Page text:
The Swiss National Bank stepped up its efforts to tame a runaway franc on Wednesday but stopped short of direct intervention, disappointing markets that had positioned for more radical measures and sending the currency sharply higher.

The central bank said it would boost liquidity by expanding banks' sight deposits to 200 billion francs from 120 billion francs and take additional steps if needed, even as the government ran the rule over possible measures of its own to offset the impact of the currency's gains on economic growth.

The franc rose as much as 2 percent against the euro after the SNB announcement, which fell short of expectations the bank might set a lower limit for the euro-franc exchange rate, with some anticipating an announcement on Wednesday.

The market was expecting far more radical measures targeting a specific exchange rate. This is more of the same, and is inadequate in an environment where investors are seeking safe havens, said Lena Komileva of Brown Brothers Harriman.

Worries about the global economy and debt in the euro zone and the United States have prompted investors to pile into the safe-haven franc.

As a result it has soared from one record to another against the euro and the dollar, serving up a policy dilemma for a central bank anxious to safeguard Swiss jobs and exports but which got its fingers burned when it last intervened in markets to rein in the currency in 2009/10.

This time, the SNB has so far responded to the rapid gains by slashing its already low interest rate target to virtually zero and flooding the market with francs.

The currency retraced some of the gains at the end of last week and the start of this week, falling about 10 percent against the euro to around 1.13 after strong rhetoric from the SNB and rallying political support made the prospect of intervention seem very real.


The central bank reiterated on Wednesday it was ready to take further steps to cap the franc's strength if needed, after policymaker Jean-Pierre Danthine said last week no option was being ruled out -- though some solutions were more practical than others.

The SNB seems very determined to do what it can to reduce pressure on its currency and it still has more extreme cards in its hand that it could play depending on market conditions, said Kathleen Brooks, Research Director at

So while there may not be a euro peg today that doesn't mean there won't be one tomorrow.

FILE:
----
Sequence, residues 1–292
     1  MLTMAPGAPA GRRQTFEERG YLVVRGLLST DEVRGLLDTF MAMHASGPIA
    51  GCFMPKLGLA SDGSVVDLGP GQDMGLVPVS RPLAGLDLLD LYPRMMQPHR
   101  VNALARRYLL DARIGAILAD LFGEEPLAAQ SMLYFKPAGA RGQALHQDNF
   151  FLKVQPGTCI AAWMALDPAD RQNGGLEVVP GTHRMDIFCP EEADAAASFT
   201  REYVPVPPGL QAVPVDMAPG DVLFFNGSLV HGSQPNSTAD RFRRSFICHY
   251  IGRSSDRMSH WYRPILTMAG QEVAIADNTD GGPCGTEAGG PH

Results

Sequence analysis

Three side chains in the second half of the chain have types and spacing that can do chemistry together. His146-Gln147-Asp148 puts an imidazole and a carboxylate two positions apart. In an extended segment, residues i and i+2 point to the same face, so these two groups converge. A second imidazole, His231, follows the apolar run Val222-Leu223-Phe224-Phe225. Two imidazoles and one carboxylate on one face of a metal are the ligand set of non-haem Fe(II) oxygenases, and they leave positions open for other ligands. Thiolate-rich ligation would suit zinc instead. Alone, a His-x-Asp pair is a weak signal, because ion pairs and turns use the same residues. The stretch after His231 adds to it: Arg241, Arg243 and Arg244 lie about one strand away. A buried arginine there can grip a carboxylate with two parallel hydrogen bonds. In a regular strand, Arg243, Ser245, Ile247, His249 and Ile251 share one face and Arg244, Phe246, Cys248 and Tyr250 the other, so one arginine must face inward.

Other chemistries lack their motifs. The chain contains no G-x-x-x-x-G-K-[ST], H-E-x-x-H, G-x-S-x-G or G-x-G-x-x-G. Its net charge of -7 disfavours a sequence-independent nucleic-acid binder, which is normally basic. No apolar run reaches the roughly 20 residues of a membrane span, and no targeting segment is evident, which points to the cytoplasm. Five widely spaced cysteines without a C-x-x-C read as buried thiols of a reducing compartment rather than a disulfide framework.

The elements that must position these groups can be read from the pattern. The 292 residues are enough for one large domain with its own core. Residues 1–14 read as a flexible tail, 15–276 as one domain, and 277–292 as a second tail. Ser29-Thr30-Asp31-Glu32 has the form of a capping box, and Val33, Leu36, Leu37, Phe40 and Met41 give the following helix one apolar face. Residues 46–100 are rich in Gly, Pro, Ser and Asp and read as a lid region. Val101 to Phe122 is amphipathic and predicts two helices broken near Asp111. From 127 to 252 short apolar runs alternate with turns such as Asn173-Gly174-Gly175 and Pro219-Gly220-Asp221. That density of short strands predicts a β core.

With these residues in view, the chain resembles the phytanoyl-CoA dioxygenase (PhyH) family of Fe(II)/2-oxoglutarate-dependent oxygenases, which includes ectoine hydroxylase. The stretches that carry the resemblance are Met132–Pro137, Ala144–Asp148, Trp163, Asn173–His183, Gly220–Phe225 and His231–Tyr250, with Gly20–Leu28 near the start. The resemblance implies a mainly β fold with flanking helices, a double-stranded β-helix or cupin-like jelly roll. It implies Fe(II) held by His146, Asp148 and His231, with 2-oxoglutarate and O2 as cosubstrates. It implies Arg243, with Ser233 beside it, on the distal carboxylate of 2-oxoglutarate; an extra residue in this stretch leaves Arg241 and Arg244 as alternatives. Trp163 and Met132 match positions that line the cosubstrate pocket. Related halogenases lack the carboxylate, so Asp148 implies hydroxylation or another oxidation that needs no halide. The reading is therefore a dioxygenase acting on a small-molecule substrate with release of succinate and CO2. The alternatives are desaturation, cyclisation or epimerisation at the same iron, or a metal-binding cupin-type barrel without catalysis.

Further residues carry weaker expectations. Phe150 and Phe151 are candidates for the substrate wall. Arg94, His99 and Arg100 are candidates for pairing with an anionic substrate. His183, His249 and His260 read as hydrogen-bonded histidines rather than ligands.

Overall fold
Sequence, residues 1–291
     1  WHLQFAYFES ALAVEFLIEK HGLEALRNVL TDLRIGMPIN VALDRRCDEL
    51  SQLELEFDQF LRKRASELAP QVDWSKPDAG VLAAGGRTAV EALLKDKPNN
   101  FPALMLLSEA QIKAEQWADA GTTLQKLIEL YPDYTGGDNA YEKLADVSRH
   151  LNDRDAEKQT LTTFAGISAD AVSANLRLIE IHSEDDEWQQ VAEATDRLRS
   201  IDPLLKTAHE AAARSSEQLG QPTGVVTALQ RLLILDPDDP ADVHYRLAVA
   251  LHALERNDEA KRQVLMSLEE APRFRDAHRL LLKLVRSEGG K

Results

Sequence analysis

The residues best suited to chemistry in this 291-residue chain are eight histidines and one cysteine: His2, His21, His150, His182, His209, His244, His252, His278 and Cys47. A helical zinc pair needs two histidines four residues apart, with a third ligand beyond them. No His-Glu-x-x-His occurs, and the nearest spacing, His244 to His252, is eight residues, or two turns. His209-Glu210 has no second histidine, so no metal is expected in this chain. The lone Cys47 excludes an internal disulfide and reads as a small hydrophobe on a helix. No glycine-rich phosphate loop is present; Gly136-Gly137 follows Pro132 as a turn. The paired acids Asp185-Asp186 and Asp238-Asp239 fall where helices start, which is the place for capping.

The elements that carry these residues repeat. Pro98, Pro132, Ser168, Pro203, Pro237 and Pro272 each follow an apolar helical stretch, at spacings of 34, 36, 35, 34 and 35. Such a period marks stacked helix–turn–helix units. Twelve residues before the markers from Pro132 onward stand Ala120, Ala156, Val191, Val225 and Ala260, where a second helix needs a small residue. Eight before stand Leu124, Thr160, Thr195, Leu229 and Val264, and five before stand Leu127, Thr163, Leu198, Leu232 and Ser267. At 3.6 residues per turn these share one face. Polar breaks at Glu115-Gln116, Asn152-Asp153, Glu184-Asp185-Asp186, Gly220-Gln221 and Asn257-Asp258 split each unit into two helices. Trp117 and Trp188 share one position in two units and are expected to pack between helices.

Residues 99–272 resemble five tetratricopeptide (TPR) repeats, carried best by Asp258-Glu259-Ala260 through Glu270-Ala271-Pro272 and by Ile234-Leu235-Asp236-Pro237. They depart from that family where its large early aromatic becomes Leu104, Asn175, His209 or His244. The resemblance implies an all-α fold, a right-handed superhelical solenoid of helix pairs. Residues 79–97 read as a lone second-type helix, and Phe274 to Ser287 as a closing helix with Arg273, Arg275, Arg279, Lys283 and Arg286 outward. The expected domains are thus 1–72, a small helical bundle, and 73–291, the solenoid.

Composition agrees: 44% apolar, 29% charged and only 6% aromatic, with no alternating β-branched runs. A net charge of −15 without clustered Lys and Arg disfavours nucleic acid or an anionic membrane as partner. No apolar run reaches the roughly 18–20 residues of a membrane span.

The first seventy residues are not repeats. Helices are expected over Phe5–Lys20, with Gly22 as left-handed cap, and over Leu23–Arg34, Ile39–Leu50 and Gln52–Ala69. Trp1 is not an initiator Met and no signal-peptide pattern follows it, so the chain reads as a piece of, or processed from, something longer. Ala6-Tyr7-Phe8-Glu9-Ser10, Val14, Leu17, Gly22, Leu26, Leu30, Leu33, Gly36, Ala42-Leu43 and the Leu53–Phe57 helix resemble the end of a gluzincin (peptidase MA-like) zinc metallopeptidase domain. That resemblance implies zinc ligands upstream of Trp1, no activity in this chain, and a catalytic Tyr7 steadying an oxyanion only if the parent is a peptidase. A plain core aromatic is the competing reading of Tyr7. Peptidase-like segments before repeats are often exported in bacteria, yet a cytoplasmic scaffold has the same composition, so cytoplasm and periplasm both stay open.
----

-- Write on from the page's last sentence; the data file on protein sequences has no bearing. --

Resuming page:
Swiss officials are under increasing pressure to take decisive action as the franc's gains start eroding economic growth.

Even globally diversified companies like drug firm Roche and watchmaker Swatch Group have started to report an impact on earnings, while the franc is also weighing on the country's banking sector.

Trade union members gathered in front of the SNB and Swiss parliament on Tuesday to voice their frustrations, repeating warnings that tens of thousands of jobs could be at stake if the SNB fails to put a lid on the franc's appreciation.

Eyes are now on what measures the Swiss government might take after a cabinet meeting on Wednesday.

Newspaper TagesAnzeiger reported on Wednesday the government could unveil a 1.5 billion franc package to bolster small and medium-sized businesses, as well as the hospitality and tourism sectors.

The cabinet may hold a press conference later on Wednesday, or possibly on Thursday, to lay out these measures.

One option that has been touted is introducing negative interest rates -- forcing banks to charge clients to hold their money -- something Switzerland last saw in the 1970s and which was used more recently by Japan.

But this has had little success in the past and the government rejected imposing a charge on offshore accounts as well as imposing capital controls earlier this summer.

Meanwhile, deflationary conditions are already taking hold on Swiss money markets.

The December 2011 Euroswiss contract is trading at 100.11, up from 100.08 on Tuesday and 100.06 at the start of the week, implying an expected three-month Swiss franc Libor rate at -0.11 percent in December..

Adding more liquidity will push implied yields further into negative territory, but FX traders say it is unlikely to discourage investors seeking safe-haven currencies as yet.

To reach the new 200 billion franc mark in sight deposits, the SNB said it would use foreign exchange swaps and repurchase its own debt -- called SNB bills.

(Additional Reporting by Katie Reid; Editing by John Stonestreet)